oerllikon Member

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    I think the gas system may have something to do with barrel harmonics as well. I think that was a part of the early ruger mini 14s pie tin accuracy. I could be wrong though, wouldnt be the first time
     
  12. Rancho Relaxo

    Rancho Relaxo Member

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    What he said!
     
  13. Skyshot

    Skyshot Member

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    I don't see many AR's at benchrest comps.
     
  14. PapaG

    PapaG Member

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    I don't know about moving parts and stuff, although in any mechanical system there is tolerance and clearance so there is some movement, however minute. I do know about the rifles I've shot over the last fifty or more years and I'm now shooting the easiest out-of-the-box grouping gun I've ever had. I had a Number 1 in 222 way back in the early seventies....easy to get an inch. Had a 700BDL in 222, worked but could get an inch. Had a Savage 22-250 benchrest gun (factory) and worked my butt off to get an inch...which rarely happened. Have a pre-64 '70 in '06 which, with work and patience gets me an inch and a quarter with cast bulllets. Pair of 77 MKIIs, one in 243, other in 308, still looking for that moa. An old 788 in 308 was a cinch for an inch with Federal loads. Lots of other guns wouldn't go into two inches. Black powder Rollng block on a smokeless action, 45-70, would do an inch or so all day with duplex (5 gr dupont bulk shotgun, 55 gr FFg, breech seated bullet) and under 4 at 200 (aperture sights).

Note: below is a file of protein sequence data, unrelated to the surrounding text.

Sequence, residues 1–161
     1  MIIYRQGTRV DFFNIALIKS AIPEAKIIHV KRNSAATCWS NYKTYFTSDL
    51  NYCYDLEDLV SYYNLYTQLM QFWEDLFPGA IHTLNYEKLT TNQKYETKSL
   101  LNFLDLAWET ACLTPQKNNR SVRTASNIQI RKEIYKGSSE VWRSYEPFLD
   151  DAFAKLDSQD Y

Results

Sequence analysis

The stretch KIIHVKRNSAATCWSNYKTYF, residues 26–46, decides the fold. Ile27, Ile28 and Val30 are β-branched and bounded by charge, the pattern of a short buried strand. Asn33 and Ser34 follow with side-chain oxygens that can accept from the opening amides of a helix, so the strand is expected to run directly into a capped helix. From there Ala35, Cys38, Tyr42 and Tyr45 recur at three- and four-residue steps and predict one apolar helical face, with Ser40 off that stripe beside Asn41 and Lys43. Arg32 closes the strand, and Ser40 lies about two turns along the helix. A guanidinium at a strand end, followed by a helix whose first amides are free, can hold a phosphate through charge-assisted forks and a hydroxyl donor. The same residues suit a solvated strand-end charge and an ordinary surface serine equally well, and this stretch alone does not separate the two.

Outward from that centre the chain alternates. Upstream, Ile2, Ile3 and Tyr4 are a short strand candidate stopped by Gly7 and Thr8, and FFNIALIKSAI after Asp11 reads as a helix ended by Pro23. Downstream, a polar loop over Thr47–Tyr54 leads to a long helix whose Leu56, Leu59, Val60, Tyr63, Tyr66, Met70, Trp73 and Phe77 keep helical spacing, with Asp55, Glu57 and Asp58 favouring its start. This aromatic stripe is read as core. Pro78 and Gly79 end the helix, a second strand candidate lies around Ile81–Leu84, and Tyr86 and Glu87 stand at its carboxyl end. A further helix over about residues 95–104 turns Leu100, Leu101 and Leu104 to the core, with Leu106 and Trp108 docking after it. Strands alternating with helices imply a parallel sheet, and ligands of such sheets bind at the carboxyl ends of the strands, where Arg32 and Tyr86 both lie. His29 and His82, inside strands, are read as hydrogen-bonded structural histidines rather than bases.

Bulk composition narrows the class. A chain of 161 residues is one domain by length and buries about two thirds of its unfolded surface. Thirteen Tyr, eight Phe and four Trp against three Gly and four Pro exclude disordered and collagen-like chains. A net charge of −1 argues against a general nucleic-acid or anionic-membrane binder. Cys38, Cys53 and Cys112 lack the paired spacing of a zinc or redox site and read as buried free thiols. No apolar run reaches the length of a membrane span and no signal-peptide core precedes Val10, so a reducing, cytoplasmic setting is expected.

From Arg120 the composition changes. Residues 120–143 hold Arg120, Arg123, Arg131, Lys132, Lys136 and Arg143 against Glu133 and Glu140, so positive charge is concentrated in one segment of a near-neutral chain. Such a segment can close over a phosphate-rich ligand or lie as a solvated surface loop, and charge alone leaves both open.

Now for the fun gun. Resisted black guns all my life. Finally gave in. Bushmaster, just like the old M16 but semi. First trip to the range. High mounted scope on carry handle, handloads with starting load of Varget, 55 grain Sierra soft point, full length sized, sorted by brand, trimmed. Third group of the day, inch and a half, next inch, final five-eighths after getting used to the trigger and scope...all 100 yards. First load, first trip, too much fun. I can remember working with a gun and load for months to get under an inch. Nothing tuned here. Luck? Must be some as I'm now in the bifocal class with sixty-six year old eyes and a bad back. Sure is fun, though.
     
  15. PapaG

    PapaG Member

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    Forgot to put in the last thought....age, you know. I am sure that each and every rifle is a law unto itself..some like everything, some you have to work with. I believe bedding, a good barrel and a balanced load trump anything else but luck. My brother had luck. He could pick up a gun at a gun show, load some ammo with just about anything from the book and go out and turn in some impressive groups.
    For some reason, and from watching buddies with theirs and from my recent experiences, I am now a believer in the AR platform as an inherently accurate rifle, moving parts or not.
     
  16. d2wing